In championing the likes of Fragonard, Rubens and Titian, Jeff Koons line of Louis Vuitton supplements delivers high art to the high street and indicates off his sincere passion for painting

High art needs all the friends it can get. Museum attendance is stopping throughout the world, and earnest attempts to tribunal the young and identify with the brand-new are clearly not working. Something more persuasive is involved: definitive feeling for great artwork in different languages parties in the 21 st century understand.

How about a Louis Vuitton suitcase with RUBENS written on it in big gold characters over a reproduction of that 17 th-century painters violent, exuberant and dazzling employment Tiger, Lion and the Leopard Hunt?

I cant think of a simpler way to employ great prowes at the vanguard of modern attentions. This is not a cynical effort. The hunt decorating is not a pop icon yet but a serious paint beloved by prowes connoisseurs. Jeff Koons, for instance.

Rubens is one of the great painters Koons has chosen to celebrate in a line of bags for Vuitton. Koons, a notorious appropriation master, is infamous for turning kitsch images and objectives into artistry, but for his array of handbags, rucksacks and other expensive supplements he is turning great skill back into popular culture. Just as Andy Warhol composed Warholised different versions of Renaissance art, Koons has turned the old masters into manner must-haves( if you can afford them tolls wander up to $4,000 ).

Frills,
Frills, foliage and flesh Jean-Honor Fragonards work adorns a Vuitton bag designed by Jeff Koons. Photograph: Louis Vuitton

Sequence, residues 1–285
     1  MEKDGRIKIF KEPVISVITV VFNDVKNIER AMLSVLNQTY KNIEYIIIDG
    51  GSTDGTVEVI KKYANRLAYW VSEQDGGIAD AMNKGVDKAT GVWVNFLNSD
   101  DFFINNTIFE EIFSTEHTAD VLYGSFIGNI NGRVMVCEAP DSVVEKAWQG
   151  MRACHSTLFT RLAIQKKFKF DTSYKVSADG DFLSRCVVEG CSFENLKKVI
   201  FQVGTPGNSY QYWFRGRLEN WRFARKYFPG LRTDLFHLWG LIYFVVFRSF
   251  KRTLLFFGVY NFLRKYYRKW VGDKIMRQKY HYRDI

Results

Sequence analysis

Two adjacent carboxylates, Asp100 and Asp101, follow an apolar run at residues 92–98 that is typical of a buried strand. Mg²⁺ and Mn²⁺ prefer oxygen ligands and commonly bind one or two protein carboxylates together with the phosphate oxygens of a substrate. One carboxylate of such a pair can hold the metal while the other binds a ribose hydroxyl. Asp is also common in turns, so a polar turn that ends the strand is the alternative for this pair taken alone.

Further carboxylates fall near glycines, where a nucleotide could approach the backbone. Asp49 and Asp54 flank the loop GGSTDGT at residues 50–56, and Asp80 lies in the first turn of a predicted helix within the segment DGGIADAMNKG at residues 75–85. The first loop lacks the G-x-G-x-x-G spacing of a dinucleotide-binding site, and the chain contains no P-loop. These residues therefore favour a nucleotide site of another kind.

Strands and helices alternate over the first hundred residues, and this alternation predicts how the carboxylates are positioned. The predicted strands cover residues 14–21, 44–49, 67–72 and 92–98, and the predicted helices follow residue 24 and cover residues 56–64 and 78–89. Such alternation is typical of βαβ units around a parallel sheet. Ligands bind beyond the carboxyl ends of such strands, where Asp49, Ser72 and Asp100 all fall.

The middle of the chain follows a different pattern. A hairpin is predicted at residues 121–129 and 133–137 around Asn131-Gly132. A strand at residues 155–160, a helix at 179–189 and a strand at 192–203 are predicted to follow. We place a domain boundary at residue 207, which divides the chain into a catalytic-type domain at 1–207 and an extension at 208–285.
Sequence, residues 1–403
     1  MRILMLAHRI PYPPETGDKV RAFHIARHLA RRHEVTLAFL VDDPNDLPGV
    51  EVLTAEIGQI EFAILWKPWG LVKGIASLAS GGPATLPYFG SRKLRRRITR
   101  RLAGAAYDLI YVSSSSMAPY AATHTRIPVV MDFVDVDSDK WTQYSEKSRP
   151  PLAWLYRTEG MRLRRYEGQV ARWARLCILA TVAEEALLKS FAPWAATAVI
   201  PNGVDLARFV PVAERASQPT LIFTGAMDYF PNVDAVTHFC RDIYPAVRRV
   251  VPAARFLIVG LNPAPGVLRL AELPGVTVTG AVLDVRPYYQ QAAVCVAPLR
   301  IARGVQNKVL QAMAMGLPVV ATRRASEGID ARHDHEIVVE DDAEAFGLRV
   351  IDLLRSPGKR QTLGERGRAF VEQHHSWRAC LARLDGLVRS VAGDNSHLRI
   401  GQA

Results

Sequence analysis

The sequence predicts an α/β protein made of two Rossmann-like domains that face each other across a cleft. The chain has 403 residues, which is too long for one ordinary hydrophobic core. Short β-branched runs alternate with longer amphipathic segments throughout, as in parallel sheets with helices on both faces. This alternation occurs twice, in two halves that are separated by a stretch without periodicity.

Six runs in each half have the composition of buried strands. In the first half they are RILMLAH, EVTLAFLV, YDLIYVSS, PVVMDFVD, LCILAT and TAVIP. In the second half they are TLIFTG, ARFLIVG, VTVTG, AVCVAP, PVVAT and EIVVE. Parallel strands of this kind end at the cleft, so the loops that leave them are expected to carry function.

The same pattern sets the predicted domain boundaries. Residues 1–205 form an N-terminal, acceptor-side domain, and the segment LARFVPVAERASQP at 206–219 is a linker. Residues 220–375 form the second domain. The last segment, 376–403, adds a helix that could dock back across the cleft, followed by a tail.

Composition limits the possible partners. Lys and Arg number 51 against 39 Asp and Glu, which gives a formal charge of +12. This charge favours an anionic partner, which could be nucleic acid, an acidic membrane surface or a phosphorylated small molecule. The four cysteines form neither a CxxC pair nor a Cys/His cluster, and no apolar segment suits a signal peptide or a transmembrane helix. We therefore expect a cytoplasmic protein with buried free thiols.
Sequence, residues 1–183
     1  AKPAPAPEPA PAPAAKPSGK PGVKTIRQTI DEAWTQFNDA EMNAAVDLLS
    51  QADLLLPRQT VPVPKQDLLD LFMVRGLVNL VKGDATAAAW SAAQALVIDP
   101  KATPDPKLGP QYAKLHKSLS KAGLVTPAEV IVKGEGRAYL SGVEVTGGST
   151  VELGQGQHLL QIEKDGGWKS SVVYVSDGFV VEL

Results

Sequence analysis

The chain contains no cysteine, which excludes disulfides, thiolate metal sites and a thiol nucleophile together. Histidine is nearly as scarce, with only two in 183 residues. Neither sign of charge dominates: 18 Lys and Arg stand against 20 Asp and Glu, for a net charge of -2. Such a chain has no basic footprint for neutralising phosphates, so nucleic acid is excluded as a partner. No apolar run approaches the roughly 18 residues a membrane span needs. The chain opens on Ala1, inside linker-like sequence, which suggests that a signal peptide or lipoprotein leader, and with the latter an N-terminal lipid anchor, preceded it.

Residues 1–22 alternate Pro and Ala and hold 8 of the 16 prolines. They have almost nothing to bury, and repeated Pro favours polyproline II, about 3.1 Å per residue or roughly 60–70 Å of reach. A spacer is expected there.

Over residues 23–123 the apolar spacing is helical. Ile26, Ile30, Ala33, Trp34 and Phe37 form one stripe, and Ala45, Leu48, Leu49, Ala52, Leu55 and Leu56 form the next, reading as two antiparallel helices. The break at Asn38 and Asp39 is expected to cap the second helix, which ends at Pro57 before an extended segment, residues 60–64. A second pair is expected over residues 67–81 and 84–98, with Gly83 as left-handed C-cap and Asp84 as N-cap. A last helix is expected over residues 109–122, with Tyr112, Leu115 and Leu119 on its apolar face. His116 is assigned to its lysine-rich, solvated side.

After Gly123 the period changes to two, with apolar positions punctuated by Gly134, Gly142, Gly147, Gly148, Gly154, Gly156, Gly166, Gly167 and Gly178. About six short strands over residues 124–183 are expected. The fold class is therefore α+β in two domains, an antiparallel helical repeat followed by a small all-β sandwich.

For from rubbing Rubens in the grime and reducing the exalted to the worthless, these indulgence objectives look to me like heartfelt adorations to great prowes. Koons clearly has an erudite and heartfelt adore of oil painting, for while his containers touting the Mona Lisa and Van Goghs Wheat Field With Cypresses may be easy on our intelligences, he is also bravely training us by holding on the glamour of Rubens, Titian and Fragonard.

Frago-who? This 18 th-century French painter of flounces, foliage and flesh was the last practitioner of the precious and playful rococo mode that celebrated please and came to be seen by revolutionary moralists as a decadent courtly aesthetic of escapism and indulging. Many of his buyers died for the purposes of the guillotine in the French revolution. He was unfashionable then and is unfashionable now, but Koons has put his erotic painterly genius into the heart of the fad nature with a crate embellished with his 1770 painting Girl With a Dog, again decorated with the mention FRAGONARD in gold.

Jeff
Jeff Koonss Dirty Jeff on Top( 1991) with Constituted in Heaven( 1989) behind it. Photograph: Christian Sinibaldi for the Guardian

This may not be such a surprising pick for Koons after all. Fragonards provocative cover of a partly nude young lady playing with a fluffy dog in bed has at least two similarities with his own creations. His giant floral effigies of puppies are among his most bright subversions of what modern artwork is supposed to look like, and the depicts voyeurism shares his appetite for blurring the line between art and pornography.

Notice this, and you envision Jeff Koons in another way. This is an artist who looks at and thinks about prowes from the past, and finds his most bright plans there. The 18 th-century rococo and the strange genius of Fragonard is not something he detected yesterday. He has been drawing on the rococo for his sculptures for a long time. Similarly, his flamboyant super-pop paints are nothing less than attempts to revive the vigour of Rubens. A subtle feeling for art is concealed by his apparent faith in banality.

Now Koons is sharing the art he most affections. The capability of Rubens, the sensuality of Titian and the naughty painterly tarts of Fragonard clearly mesmerize him, and he craves other people to see what he insures. This is not simply a line of indulgence bags. It is an artists musing on the masters, in handbag model. Picasso facsimile and reworked enormous paints in his later years. Koons is offering a different kind of art assignment, and it is a rejoice. I want to see the epithets FRAGONARD and RUBENS glowing on Oxford Street, on Fifth Avenue, their masterpieces walking out of the museum into modern lives.